Jail for St John’s Wood fraudster who targeted cancer victim
‘Manipulative’ man gets nine-year sentence for conning three quarters of a million pounds from friends
A heartless St John’s Wood fraudster has been jailed for nine years for conning “vulnerable” friends, including an elderly cancer victim, out of more than three quarters of a million pounds.
Amir Akhlaghi, 42, of Abbey Road, stole �759,500 from his victims and spent three years on the run from police before his arrest last September.
His crimes saw him fraudulently take money for the sale of cars and property that didn’t exist, as well as persuading people to invest in fake businesses and assuming other people’s identities.
Akhlaghi, described by Judge Nicholas Loraine-Smith as “extraordinarily manipulative”, pleaded guilty to 15 counts of theft and fraud at Southwark Crown Court on Monday.
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After being arrested in 2006 and granted bail, he failed to attend court in March 2007. A warrant was issued for his arrest and an appeal shown on BBC’s Crimewatch in January 2010 before he was finally tracked down in an Edgware Road casino last September.
Many of his victims were family friends, including an elderly cancer patient, who he pretended to care for while stealing �22,000 from him.
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When questioned about the victim, who didn’t live long enough to see Akhlaghi jailed, he responded “many people get cancer”.
One couple, who had been family friends, separated due to the stress caused by Akhlaghi’s offences and another couple were forced to sell their home.
At one stage he even had the audacity to call one of his victims and pretend to be a police officer purporting to have arrested himself in order to convince the victim not to further contact police.
On another occasion he put his 12-year-old son on the phone to a victim to pretend he was ill as a delaying tactic for not delivering money.
Saeid Asefi, 62, had been friends with Akhlaghi’s sister and brother-in-law for 10 years before he was introduced to the conman in 2008 and defrauded out of �69,500 when sold cars which didn’t exist – money he saved for his disabled daughter.
“My daughter is mentally disabled and these were my savings which I had spent 20 years building up and kept in a separate savings account for her,” he said.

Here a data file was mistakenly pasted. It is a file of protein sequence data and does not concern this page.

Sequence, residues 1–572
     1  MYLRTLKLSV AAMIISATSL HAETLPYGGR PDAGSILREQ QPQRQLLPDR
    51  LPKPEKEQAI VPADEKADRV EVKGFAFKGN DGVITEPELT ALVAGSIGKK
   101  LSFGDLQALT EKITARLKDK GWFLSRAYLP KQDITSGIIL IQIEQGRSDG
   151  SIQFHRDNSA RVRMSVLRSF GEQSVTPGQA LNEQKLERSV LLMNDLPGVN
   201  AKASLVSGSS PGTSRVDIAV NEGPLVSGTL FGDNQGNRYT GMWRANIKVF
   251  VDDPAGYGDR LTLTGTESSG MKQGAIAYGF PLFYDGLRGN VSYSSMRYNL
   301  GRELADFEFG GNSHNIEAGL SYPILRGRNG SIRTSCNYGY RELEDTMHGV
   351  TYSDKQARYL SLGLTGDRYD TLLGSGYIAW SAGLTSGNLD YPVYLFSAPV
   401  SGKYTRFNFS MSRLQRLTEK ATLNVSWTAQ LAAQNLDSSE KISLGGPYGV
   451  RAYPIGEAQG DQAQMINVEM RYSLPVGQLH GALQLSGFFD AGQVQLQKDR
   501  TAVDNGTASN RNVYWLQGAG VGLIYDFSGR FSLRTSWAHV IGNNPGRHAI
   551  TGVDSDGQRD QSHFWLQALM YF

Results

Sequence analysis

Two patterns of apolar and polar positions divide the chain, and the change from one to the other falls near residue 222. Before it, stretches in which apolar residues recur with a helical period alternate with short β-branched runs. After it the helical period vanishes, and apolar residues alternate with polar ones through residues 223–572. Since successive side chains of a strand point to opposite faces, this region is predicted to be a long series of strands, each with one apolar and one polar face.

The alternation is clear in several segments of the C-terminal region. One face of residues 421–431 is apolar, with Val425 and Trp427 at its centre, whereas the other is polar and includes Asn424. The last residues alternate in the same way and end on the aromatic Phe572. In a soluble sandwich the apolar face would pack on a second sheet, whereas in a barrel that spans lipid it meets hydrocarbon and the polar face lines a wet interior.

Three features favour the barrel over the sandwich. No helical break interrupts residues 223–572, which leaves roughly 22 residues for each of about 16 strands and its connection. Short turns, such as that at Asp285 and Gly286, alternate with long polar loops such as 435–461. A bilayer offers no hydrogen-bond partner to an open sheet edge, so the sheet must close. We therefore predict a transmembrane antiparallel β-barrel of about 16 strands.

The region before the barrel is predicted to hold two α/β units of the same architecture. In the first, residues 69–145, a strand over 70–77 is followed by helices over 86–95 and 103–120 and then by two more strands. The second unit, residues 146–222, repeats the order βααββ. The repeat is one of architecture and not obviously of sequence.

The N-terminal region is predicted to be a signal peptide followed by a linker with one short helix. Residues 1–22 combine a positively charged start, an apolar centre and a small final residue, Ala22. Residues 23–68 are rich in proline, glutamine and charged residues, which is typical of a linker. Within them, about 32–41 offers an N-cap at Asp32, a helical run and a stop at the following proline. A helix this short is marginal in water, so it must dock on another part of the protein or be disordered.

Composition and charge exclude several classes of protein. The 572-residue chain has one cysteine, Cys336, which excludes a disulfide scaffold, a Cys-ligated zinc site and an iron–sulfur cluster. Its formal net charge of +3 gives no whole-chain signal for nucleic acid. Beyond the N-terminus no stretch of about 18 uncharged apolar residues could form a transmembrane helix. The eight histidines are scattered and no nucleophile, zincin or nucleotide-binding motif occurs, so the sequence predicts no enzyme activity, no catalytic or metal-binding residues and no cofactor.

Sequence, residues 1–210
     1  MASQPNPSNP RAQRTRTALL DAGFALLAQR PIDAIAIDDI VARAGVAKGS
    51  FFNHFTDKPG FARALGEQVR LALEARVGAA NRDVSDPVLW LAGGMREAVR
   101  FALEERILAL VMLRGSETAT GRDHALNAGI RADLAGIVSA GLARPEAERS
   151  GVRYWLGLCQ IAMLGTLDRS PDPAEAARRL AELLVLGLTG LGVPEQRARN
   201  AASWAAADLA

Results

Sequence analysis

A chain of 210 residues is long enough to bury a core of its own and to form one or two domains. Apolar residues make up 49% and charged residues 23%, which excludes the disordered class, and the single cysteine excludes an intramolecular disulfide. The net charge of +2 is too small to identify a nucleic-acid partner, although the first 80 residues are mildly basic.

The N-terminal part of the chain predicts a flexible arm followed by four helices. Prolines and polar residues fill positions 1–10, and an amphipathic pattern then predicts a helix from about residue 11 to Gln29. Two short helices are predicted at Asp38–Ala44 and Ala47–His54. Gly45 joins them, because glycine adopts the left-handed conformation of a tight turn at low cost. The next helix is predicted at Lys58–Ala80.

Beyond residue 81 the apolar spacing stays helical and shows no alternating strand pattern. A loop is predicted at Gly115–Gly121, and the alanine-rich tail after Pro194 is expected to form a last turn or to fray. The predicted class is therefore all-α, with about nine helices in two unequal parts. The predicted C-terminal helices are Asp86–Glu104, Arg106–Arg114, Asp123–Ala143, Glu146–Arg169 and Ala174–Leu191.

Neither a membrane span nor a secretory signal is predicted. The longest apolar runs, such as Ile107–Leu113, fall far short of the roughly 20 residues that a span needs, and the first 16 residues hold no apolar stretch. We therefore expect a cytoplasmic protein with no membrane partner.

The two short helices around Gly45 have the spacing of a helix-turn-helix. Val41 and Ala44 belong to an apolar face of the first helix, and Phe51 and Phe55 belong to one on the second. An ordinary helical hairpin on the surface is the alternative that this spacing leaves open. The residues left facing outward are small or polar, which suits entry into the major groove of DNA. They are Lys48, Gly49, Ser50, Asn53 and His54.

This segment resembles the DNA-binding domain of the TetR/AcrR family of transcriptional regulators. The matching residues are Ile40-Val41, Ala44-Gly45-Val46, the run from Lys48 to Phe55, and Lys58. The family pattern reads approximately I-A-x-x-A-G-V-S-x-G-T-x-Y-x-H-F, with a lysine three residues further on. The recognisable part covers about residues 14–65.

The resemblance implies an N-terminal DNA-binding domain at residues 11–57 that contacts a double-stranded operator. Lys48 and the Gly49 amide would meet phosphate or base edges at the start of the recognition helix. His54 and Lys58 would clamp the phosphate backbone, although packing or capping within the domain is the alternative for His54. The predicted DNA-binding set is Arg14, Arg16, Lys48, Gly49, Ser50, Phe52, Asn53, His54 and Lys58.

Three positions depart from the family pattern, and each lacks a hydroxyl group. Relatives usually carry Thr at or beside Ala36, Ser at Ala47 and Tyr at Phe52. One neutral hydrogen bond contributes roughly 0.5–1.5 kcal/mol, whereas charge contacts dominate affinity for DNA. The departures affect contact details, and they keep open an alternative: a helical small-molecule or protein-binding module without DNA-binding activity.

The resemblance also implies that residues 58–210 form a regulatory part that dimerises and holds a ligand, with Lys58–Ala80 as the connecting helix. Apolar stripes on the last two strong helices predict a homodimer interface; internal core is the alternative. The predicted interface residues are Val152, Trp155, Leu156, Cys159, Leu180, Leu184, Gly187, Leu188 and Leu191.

“I got so depressed about what happened. They misused my trust.
“I knew his father but he introduced his son into my life to defraud me. It was all pre-meditated. That is what really upsets me.”
Padma Sadnani, 45, lost �204,500 to Akhlaghi after he befriended her, gained access to her personal documents and bank details and duped her into signing documents to invest money in a fake business and buy items including cars and watches to sell for a profit.
“It all happened in the space of four to six weeks,” she said. “My world fell apart completely.
“I had everything going for me beforehand but he took every bit of cash I had. I’m pleased he got nine years, but he is a public liability and he still will be when he comes out.
“I want to be how I used to be and I hope that one day I will.”
Passing sentence, Judge Loraine-Smith said the fact that Akhlaghi had committed crimes while on bail meant the usual guidelines for jail terms of five to eight years did not apply.
He said: “It’s very difficult to feel any sympathy at all for you. The facts of these cases show you to be an extraordinarily manipulative man. You don’t care who you cheat as long as you get your money.
“From your release until your arrest you stole from the vulnerable and your friends.”
Det Con Karl Lewis, from the Metropolitan Police Serious Violence Team, says he believes Akhlaghi committed further offences adding up to more than �2million and he is appealing for other victims to come forward.
“It took a lot of manpower and a long investigation to get him,” he said. “It was the biggest manhunt I’ve been involved in as he always seemed to be one step ahead.”
Anyone with information can contact 020-7321 9374 or Crimestoppers anonymously on 0800 555 111.